Foraging for gold: sourcing mushrooms in the British wilderness
As mushroom season gets well underway, we speak to chefs and foragers to find out the key to successful – and safe – hunting
If there's a less appetising nickname for a food I've never heard it: the 'lungs of the forest'. Seriously, who wants to eat lung?
But that's the thing about mushrooms: they're full of surprises. In the case of Amanita phalloides the rude awakening is a liver transplant; known widely as death caps, they finished off Roman Emperor Claudius, the poor chap.
As well as doing in iconic world leaders (oh to dream) 'shrooms teem with folklore – and we're not talking about legs-turned-into-tree-trunks-on-the-lav mushie trips either, as glorious as they are to hear around the campfire. We're talking about how King Alfred's Cakes make brilliant firelighters and take their name from when Wise Elf (now that's a nickname) hid from the pillaging Danes burning the coal-like funghi for heat. How in medieval times the beef steak was believed to be a symbol of Jesus because when it's fresh it eerily resembles bloody flesh. And how the stinkhorn has no folklore attached to it whatsoever but looks exactly like a penis (and that's good enough for a mention from me).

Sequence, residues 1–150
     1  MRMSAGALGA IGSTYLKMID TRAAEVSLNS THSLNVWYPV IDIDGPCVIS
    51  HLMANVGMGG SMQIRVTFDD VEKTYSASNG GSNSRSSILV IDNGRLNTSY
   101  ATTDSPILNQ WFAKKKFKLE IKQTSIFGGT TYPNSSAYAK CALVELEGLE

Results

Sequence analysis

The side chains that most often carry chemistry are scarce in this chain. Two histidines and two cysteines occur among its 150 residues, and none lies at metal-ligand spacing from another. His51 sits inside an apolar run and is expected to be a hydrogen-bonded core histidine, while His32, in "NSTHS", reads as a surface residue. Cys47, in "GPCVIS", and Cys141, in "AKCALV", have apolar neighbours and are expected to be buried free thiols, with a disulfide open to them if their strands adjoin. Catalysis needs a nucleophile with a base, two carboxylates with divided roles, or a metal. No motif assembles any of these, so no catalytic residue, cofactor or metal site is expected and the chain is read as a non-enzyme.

Fancy yourself as a hunter? Getting a grip on fungi, phallic or otherwise, is no mean feat. Commendatore Antonio Carluccio OBE, who sadly passed away at the age of 80 in early November 2017, was a longtime advocate of Britain's foraged gold and held mushroom markets all over the UK throughout autumn.
Before his passing, I caught up with him to find out why he thought the UK mushroom season is a mercurial beast: "In good weather conditions, the season could start in mid-August with the first flush of porcini and the majority of fungi waking up in September and November," he says. This all depends on the atmospheric conditions and types of woods though, he adds, as mushrooms are a picky bunch and grow in symbiosis with certain types of trees and soil, each preferring its own environment.
Our long, wet autumns, ideal for mushrooms, are a bit of a tease
The best advice, Carluccio said, is to get in touch with the local mycological society to learn more about location and timings.